Hoo ha! On our first vacation in a long, long time. The flight from Iran was uneventful. By the end of our flight, not one woman was wearing a headscarf. "You would see more women in headscarves on any flight in Europe or the US," I told K. Turns out I was right. On the US leg of the trip, more women were in hijab in our 10-row area than on the entire flight from Tehran.
At dinner with friends we were talking about Iran. "Sorry to say," said K, "But Iranians who are not in Iran don't know shit about what is going on there."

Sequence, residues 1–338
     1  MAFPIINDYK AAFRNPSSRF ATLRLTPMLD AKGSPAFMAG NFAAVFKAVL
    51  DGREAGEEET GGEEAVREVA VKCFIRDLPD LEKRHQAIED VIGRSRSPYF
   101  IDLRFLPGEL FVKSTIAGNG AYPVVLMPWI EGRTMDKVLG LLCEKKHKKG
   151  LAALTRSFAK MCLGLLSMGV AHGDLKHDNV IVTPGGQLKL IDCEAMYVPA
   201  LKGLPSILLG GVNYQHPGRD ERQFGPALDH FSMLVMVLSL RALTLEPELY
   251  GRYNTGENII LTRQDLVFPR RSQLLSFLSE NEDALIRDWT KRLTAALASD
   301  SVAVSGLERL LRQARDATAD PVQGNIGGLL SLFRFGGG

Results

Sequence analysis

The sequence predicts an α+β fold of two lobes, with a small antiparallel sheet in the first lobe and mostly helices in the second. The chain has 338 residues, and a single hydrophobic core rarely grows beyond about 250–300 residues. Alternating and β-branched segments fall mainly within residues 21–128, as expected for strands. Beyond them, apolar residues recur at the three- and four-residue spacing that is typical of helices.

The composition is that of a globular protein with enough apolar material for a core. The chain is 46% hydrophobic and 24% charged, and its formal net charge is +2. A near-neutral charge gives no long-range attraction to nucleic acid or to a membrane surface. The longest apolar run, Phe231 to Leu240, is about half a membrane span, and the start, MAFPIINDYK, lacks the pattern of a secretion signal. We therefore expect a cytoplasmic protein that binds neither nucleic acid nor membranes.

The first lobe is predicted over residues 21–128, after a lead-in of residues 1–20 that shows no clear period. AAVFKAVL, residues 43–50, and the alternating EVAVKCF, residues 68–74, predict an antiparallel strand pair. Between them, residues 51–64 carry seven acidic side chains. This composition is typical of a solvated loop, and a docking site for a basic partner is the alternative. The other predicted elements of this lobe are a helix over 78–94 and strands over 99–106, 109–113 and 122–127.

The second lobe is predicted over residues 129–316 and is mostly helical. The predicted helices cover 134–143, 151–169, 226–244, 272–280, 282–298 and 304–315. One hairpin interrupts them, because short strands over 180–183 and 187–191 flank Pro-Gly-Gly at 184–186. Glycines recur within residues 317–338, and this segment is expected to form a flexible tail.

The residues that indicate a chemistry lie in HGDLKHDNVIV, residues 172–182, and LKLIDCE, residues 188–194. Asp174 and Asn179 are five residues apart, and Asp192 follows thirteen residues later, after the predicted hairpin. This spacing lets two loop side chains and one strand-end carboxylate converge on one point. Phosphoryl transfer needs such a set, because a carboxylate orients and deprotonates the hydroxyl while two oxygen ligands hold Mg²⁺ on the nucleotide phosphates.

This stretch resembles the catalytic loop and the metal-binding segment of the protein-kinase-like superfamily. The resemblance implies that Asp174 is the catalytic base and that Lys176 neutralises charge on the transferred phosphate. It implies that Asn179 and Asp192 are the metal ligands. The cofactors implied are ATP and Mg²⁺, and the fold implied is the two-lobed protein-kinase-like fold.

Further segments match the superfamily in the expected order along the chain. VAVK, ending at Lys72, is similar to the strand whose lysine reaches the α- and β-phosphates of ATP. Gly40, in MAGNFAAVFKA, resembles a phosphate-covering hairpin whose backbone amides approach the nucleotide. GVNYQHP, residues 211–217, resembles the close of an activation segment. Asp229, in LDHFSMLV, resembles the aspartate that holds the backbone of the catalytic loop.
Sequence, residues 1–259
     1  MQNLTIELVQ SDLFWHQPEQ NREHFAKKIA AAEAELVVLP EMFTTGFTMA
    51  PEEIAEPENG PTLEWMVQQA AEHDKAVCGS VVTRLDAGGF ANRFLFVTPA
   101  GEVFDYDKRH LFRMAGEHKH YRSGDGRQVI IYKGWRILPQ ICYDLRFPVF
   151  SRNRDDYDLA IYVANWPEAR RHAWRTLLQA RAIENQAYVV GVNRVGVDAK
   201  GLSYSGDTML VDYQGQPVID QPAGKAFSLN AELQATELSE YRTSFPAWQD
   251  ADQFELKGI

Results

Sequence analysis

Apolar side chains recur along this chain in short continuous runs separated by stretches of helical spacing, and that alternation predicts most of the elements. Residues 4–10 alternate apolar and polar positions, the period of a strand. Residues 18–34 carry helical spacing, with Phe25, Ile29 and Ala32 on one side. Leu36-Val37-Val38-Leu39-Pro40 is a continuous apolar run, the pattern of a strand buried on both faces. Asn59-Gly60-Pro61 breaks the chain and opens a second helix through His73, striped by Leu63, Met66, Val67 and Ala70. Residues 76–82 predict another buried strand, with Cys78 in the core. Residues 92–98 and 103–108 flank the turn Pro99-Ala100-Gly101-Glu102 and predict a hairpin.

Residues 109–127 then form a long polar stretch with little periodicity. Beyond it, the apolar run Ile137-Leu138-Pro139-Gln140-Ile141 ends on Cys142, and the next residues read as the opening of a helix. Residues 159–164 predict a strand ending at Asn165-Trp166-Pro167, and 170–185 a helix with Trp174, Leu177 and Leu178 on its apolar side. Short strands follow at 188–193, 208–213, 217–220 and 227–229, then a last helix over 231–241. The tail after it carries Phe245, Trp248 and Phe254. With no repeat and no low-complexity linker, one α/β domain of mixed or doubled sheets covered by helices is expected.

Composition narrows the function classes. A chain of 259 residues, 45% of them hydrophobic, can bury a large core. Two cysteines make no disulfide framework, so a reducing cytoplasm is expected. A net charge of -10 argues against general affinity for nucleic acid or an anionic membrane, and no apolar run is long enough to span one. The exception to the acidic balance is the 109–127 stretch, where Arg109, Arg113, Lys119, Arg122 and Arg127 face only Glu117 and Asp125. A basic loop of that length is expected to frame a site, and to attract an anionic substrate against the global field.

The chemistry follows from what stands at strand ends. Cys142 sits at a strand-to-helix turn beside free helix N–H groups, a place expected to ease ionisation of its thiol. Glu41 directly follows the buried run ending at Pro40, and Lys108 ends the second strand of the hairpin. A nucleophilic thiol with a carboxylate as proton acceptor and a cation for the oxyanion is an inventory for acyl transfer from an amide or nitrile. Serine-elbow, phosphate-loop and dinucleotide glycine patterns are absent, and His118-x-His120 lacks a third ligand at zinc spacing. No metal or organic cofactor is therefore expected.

"We've been gone a day, and I don't know what's going on there!" I added.
It's true. I feel so distant so soon. Here, everyone is talking about sanctions and bombing and the only thing you only hear the worst possible things about Iran. People seem to think that I lived in a state of suspended fear which is not at all true. At the same time, the pressure that you feel in Iran is even more obvious when you leave. When you are there, it surrounds you on all sides like air pressure, so you just kind of get used to it. You know you feel pressure, but pressure feels normal. When you leave, you feel this huge weight released from you: it's almost physical. It *is* physical. I feel like a balloon; I feel so light.